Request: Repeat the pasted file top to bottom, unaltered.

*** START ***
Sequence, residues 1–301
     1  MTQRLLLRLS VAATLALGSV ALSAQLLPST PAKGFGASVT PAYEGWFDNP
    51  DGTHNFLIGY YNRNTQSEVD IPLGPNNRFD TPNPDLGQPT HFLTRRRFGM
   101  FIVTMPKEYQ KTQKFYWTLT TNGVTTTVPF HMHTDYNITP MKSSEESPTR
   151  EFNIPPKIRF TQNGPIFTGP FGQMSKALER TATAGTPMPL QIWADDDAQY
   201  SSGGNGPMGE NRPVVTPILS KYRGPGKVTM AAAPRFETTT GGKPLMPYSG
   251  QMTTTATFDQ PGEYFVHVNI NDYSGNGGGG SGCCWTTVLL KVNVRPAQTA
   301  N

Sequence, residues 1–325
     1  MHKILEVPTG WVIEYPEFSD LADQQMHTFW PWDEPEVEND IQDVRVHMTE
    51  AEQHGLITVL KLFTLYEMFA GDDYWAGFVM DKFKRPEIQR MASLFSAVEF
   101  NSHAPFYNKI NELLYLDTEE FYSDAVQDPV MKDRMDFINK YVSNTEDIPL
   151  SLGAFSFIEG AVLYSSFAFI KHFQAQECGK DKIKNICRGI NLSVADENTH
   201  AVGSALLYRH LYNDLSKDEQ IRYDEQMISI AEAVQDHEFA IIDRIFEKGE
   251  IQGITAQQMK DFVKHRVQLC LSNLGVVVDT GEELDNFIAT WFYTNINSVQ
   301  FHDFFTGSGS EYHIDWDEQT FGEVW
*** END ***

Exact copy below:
Sequence, residues 1–301
     1  MTQRLLLRLS VAATLALGSV ALSAQLLPST PAKGFGASVT PAYEGWFDNP
    51  DGTHNFLIGY YNRNTQSEVD IPLGPNNRFD TPNPDLGQPT HFLTRRRFGM
   101  FIVTMPKEYQ KTQKFYWTLT TNGVTTTVPF HMHTDYNITP MKSSEESPTR
   151  EFNIPPKIRF TQNGPIFTGP FGQMSKALER TATAGTPMPL QIWADDDAQY
   201  SSGGNGPMGE NRPVVTPILS KYRGPGKVTM AAAPRFETTT GGKPLMPYSG
   251  QMTTTATFDQ PGEYFVHVNI NDYSGNGGGG SGCCWTTVLL KVNVRPAQTA
   301  N

Sequence, residues 1–325
     1  MHKILEVPTG WVIEYPEFSD LADQQMHTFW PWDEPEVEND IQDVRVHMTE
    51  AEQHGLITVL KLFTLYEMFA GDDYWAGFVM DKFKRPEIQR MASLFSAVEF
   101  NSHAPFYNKI NELLYLDTEE FYSDAVQDPV MKDRMDFINK YVSNTEDIPL
   151  SLGAFSFIEG AVLYSSFAFI KHFQAQECGK DKIKNICRGI NLSVADENTH
   201  AVGSALLYRH LYNDLSKDEQ IRYDEQMISI AEAVQDHEFA IIDRIFEKGE
   251  IQGITAQQMK DFVKHRVQLC LSNLGVVVDT GEELDNFIAT WFYTNINSVQ
   301  FHDFFTGSGS EYHIDWDEQT FGEVW